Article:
Archive | May, 2011

Sarah Palin on Qanda. Hazaras in boats. End live exports of all sentient beings. Now.

31 May

At the beginning of Q&A last night a startled tweet manifested on screen. “Eeeek!” the tweeter wrote. “Is that Sarah Palin?”

Kate Lundy (???)

The tweet referred to Kate Lundy, Parliamentary Secretary for  Immigration and Multicultural Affairs, and I had the same sense of dislocation when I saw her. Having just returned from the US where Palin was pretty much unavoidable if you ever turned on the television, I thought I was still in that country, and hadn’t  endured that fourteen hour flight home after all. A quick self-inflicted slap to the upside of my head brought me back to the present.  It wasn’t Sarah Palin on Q&A but dear God, it was too close for comfort.

I have no idea if Ms Lundy is deliberately cultivating the Palin look, and to some degree, the Palin style. She might want to think about what she’s doing or else like Tony Abbott‘s anti carbon tax rally, she might attract groups she’d rather not be associated with. We all know how shallow the punters can be, and appearance can count for much more than it should.

Over at the Drum yesterday I discovered an excellent piece by Deakin University researcher Vince Scappatura,in which he analyses the mainstream media interpretation of a report commissioned by the Gillard government on the push and pull factors thought to influence the decision of Afghanistan’s Hazara population to attempt to seek asylum in Australia.

The report reveals that dire economic circumstances, ethno-political disturbances, mistreatment and discrimination by the Taliban, killings, kidnappings, arrests and subsequent disappearances, and the complete inability of the government to protect Hazaras in remote villages are all compelling push factors in decisions to flee. The research concludes that these factors are of more significance than any pull factors endemic to Australia.

However. Andrew Probyn and Nick Butterfly in the West Australian and the Sydney Morning Herald, claimed the report showed that the main reason Hazaras flee in boats to Australia is for a better life. Their actions are a livelihood strategy, they aren’t fleeing bullets, says Andrew Bolt. It’s a lifestyle choice, dammit!

No mention at all of the multitude of factors in play, including persecution and death, that provoke Hazara people to sell up everything, pay people smugglers, and embark on a journey that 80% of them fear they may not survive, but even so, it’s a better bet than staying where they are. They are also aware that they might spend years in vile detention centres being sent mad with grief and uncertainty. Even this, they consider, is better than staying where they are.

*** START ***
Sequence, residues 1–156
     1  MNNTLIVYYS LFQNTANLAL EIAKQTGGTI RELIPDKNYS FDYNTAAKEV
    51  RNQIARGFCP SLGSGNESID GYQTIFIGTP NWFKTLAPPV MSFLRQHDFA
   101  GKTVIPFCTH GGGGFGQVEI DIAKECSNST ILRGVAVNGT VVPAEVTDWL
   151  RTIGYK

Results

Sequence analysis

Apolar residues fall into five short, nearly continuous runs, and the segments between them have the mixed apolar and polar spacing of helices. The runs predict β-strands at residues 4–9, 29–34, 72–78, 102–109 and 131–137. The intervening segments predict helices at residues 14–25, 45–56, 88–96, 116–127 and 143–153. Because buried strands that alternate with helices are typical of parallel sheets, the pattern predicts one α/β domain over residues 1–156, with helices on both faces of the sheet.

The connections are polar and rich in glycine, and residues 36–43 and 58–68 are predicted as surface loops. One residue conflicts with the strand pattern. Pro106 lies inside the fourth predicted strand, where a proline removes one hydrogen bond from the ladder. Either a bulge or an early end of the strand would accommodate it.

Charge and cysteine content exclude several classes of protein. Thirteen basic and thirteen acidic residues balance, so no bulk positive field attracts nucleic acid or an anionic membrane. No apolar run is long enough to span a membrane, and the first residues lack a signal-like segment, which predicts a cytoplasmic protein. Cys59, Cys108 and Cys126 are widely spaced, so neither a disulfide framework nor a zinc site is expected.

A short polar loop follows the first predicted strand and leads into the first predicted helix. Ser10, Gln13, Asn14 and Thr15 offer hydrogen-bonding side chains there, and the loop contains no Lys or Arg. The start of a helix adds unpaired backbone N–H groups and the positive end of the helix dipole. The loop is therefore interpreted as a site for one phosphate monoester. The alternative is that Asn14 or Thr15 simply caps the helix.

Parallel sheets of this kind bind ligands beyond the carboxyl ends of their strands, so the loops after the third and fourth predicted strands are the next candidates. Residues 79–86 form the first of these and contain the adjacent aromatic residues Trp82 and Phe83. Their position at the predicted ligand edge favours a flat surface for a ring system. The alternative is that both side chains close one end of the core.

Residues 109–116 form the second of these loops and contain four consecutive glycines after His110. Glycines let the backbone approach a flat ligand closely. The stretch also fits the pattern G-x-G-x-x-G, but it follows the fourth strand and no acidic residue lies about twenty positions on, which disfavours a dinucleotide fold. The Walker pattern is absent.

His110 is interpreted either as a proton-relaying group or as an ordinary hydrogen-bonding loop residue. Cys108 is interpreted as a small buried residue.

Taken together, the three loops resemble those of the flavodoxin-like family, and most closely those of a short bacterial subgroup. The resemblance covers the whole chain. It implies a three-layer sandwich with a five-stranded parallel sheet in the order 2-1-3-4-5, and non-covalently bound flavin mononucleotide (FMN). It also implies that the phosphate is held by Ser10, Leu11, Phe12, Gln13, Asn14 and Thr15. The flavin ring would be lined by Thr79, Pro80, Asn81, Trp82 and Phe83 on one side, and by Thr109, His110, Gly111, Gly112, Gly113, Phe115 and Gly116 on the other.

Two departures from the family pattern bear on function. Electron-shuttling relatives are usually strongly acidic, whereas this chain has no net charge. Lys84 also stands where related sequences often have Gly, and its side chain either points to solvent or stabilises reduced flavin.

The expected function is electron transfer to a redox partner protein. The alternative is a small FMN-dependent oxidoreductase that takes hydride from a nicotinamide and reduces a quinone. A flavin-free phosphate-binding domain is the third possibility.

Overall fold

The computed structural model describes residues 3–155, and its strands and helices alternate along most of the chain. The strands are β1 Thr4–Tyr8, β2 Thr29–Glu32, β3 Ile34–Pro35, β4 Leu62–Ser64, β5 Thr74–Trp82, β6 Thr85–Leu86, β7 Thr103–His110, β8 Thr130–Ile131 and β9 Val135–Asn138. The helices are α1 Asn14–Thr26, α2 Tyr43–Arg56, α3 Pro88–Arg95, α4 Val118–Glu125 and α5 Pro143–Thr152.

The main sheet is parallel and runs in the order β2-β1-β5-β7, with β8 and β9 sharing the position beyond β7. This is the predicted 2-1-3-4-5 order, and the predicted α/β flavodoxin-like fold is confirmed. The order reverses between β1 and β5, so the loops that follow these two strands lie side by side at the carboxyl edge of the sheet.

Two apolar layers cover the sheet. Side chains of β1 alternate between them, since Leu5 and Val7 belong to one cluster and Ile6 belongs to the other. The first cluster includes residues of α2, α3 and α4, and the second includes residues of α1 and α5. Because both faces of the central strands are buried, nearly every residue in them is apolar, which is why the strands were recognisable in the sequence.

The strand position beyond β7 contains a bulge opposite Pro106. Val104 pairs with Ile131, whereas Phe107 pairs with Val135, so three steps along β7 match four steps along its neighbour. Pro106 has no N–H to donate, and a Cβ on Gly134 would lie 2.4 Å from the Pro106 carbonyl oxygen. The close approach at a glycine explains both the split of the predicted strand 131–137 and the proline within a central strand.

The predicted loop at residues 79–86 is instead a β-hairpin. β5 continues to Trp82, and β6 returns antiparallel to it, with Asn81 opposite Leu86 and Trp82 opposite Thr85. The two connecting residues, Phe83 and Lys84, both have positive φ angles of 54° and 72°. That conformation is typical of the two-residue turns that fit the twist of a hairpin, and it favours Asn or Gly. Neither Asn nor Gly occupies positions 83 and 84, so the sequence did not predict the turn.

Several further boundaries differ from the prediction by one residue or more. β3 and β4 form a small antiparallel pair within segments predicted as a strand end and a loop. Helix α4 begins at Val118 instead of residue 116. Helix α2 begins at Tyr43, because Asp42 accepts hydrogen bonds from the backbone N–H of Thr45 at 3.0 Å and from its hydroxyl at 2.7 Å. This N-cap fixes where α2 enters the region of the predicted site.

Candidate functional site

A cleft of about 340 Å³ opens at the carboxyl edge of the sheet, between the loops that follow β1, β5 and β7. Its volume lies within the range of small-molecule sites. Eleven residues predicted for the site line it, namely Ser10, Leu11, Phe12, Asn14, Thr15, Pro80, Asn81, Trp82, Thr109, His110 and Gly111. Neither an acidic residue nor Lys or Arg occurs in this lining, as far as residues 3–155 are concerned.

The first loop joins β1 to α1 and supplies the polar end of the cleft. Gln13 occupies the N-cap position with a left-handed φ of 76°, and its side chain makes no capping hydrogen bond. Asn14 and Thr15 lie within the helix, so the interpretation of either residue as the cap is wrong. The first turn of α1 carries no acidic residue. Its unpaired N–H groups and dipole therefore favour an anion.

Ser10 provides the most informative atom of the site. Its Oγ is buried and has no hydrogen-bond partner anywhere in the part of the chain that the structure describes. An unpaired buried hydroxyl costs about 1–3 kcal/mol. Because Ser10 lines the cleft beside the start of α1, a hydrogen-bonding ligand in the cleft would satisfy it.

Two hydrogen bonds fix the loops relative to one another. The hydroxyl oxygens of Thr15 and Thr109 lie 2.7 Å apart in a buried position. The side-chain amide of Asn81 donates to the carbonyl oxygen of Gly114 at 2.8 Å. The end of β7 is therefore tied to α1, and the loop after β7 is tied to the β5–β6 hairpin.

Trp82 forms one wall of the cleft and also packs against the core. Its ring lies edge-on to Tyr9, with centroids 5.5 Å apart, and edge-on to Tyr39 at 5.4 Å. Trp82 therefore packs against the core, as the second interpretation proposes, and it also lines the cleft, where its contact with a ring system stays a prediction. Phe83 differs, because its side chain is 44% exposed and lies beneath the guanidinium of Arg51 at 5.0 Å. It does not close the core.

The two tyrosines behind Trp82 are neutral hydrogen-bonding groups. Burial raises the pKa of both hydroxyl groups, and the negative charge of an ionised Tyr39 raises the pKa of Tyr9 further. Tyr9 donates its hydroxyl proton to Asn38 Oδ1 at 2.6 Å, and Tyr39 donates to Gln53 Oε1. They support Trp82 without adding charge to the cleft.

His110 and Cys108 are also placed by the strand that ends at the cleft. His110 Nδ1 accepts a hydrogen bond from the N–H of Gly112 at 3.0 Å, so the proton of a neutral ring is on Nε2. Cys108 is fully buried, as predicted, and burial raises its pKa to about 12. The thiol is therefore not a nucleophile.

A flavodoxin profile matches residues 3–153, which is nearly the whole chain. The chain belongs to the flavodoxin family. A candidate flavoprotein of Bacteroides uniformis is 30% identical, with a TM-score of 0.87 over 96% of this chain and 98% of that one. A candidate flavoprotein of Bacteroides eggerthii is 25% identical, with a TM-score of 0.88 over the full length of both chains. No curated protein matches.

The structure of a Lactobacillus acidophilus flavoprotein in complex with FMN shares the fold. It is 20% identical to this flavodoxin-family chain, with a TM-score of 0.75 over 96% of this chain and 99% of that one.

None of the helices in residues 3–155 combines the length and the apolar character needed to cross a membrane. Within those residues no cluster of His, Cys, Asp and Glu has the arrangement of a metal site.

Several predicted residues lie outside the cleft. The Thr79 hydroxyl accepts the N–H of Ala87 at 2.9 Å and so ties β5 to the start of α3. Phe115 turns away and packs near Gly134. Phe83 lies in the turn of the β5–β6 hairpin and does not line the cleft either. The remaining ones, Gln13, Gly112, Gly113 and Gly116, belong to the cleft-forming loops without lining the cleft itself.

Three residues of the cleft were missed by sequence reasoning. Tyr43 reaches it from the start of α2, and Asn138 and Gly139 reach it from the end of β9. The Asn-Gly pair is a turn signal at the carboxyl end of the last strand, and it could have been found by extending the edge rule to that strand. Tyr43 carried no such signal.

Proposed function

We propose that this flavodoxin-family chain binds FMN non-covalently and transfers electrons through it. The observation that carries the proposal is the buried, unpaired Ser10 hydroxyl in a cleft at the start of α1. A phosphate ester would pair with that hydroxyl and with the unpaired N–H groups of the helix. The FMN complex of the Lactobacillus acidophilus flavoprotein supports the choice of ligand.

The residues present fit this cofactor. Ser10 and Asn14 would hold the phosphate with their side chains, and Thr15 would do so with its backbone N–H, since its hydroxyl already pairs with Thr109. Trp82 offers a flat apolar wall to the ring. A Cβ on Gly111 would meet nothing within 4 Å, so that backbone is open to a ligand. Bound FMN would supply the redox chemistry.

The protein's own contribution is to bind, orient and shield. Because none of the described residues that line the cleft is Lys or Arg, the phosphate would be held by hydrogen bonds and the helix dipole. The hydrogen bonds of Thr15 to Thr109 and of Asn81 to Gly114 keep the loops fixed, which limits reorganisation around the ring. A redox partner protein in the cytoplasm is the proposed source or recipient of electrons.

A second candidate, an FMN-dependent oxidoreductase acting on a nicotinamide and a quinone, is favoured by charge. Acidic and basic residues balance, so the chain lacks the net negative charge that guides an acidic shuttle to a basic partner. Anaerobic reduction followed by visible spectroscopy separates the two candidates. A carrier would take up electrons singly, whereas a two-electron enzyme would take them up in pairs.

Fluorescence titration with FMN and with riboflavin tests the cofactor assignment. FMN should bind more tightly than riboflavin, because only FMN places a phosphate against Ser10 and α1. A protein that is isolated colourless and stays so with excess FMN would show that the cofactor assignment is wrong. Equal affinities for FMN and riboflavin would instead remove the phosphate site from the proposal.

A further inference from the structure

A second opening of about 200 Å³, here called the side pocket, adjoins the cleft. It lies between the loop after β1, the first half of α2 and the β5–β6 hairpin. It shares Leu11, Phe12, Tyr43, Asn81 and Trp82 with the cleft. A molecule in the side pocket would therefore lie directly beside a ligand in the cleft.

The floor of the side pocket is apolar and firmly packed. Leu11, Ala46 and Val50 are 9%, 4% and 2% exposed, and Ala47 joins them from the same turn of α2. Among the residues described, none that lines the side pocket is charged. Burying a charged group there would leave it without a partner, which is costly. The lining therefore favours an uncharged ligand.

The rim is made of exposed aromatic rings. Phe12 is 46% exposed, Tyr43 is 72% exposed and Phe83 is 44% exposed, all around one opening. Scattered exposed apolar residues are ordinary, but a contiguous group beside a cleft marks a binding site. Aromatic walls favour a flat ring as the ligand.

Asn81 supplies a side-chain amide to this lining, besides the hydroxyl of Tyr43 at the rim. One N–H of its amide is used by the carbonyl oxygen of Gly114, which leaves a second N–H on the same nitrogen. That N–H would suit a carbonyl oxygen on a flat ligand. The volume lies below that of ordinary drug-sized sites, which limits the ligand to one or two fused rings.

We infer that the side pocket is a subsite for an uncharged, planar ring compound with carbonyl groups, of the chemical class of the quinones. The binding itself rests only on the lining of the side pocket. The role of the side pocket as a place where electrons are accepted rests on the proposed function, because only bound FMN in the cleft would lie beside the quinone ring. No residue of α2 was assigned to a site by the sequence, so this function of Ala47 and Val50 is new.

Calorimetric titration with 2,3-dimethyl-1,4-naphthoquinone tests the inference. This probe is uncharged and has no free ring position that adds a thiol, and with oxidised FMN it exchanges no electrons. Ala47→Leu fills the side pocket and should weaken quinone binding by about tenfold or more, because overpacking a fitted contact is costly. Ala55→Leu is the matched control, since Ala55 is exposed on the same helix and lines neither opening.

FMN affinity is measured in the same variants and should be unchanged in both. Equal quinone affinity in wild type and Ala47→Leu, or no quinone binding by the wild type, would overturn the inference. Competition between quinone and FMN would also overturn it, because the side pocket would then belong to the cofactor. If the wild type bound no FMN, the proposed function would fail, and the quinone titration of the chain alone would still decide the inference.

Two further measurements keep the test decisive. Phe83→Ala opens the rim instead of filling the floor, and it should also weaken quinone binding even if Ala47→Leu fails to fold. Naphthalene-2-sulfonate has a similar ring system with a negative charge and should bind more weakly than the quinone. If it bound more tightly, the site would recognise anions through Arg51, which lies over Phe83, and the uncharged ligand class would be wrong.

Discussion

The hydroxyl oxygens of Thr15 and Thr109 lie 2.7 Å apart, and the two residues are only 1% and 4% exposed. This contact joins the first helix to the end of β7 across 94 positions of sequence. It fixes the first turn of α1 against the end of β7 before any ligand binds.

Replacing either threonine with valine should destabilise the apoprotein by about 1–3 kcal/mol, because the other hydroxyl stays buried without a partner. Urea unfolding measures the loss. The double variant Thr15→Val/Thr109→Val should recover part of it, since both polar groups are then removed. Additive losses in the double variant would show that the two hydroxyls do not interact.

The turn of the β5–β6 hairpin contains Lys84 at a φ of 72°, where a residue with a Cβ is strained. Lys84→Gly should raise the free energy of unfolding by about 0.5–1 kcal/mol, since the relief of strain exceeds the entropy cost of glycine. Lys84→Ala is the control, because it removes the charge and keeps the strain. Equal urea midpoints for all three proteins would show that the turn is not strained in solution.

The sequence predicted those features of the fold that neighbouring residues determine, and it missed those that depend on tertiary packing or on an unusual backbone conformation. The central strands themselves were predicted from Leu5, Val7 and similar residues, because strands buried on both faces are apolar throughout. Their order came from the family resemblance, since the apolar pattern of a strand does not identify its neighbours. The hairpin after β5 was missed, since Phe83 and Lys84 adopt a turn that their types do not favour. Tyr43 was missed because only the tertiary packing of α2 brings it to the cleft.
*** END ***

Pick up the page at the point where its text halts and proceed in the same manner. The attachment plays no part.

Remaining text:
Now the Gillard government intends to export Hazaras to Malaysian refugee camps, where they will be further mistreated, badly fed and physically abused. Mother of God, what kind of people are we?

by Jeff Cavins

Over at On Line Opinion today you’ll find an article by me on pornography, the media and Gail Dines. Dines received wide coverage during her anti pornography campaign here , especially from the ABC. However, there has been comparatively little researched response  published on the ABC to the claims Dines makes about the effects of porn, it’s availability, and the media’s responsibility for the ruination of the sexual lives of men. I have no idea why this is so. Thank you OLO for picking up the slack and widening a very necessary debate.

Finally , I cannot bring myself to speak much of the hideous treatment of cattle exported live to Indonesia, as revealed on Four Corners last night. There is no need for a lengthy inquiry into this trade, an inquiry that will only  delay its termination, and prolong the unspeakable suffering of these animals. Alternatives must be found and found immediately.

This is just one more example of a government that lacks any real connection with human beings and other species, not to mention the planet, who are in dire and extreme situations. A government that lacks imagination, and is bereft of decency, morality and ethics. Unfortunately, the opposition is no better.

Mladic and Bin Laden: which solution is just?

30 May
General Ratko Mladić during UN-mediated talks ...

Image via Wikipedia

Guest post today by author Gerard Oosterman, artist, farmer and blogger. Gerard raises interesting questions about the two situations

They couldn’t believe their luck. Finally, after all those years on the run, the Serbs got their man. Ratko Mladic was indicted in 1995 by the International Criminal Tribunal and was recently arrested after a tip off.

Mladic stands accused of the murder of at least 7500 Muslim men and boys from the town of Srebrenica. This is considered the single biggest atrocity since World War II. Having watched footage on the news this morning there seemed joy by many that he had been arrested, but unlike the killing of Osama Bin Laden, there was no hysterical dancing on the streets as there was in the US when news of that killing broke.

longwarjournal.org

The total number killed as a result of all the attacks on America on 9/11 were close to 3000.

There are no winners in acts of terror on innocent civilians and the world is a better place now that both have finally been caught up with. However, the killing by Ratko Mladic and his henchmen of 7500 Muslims never received the same media attention as Osama Bin Laden’s attacks on the US,  even though the number killed by Ratko Mladic was far greater and surely on equal level of cruelty suffered of those killed by Bin Laden.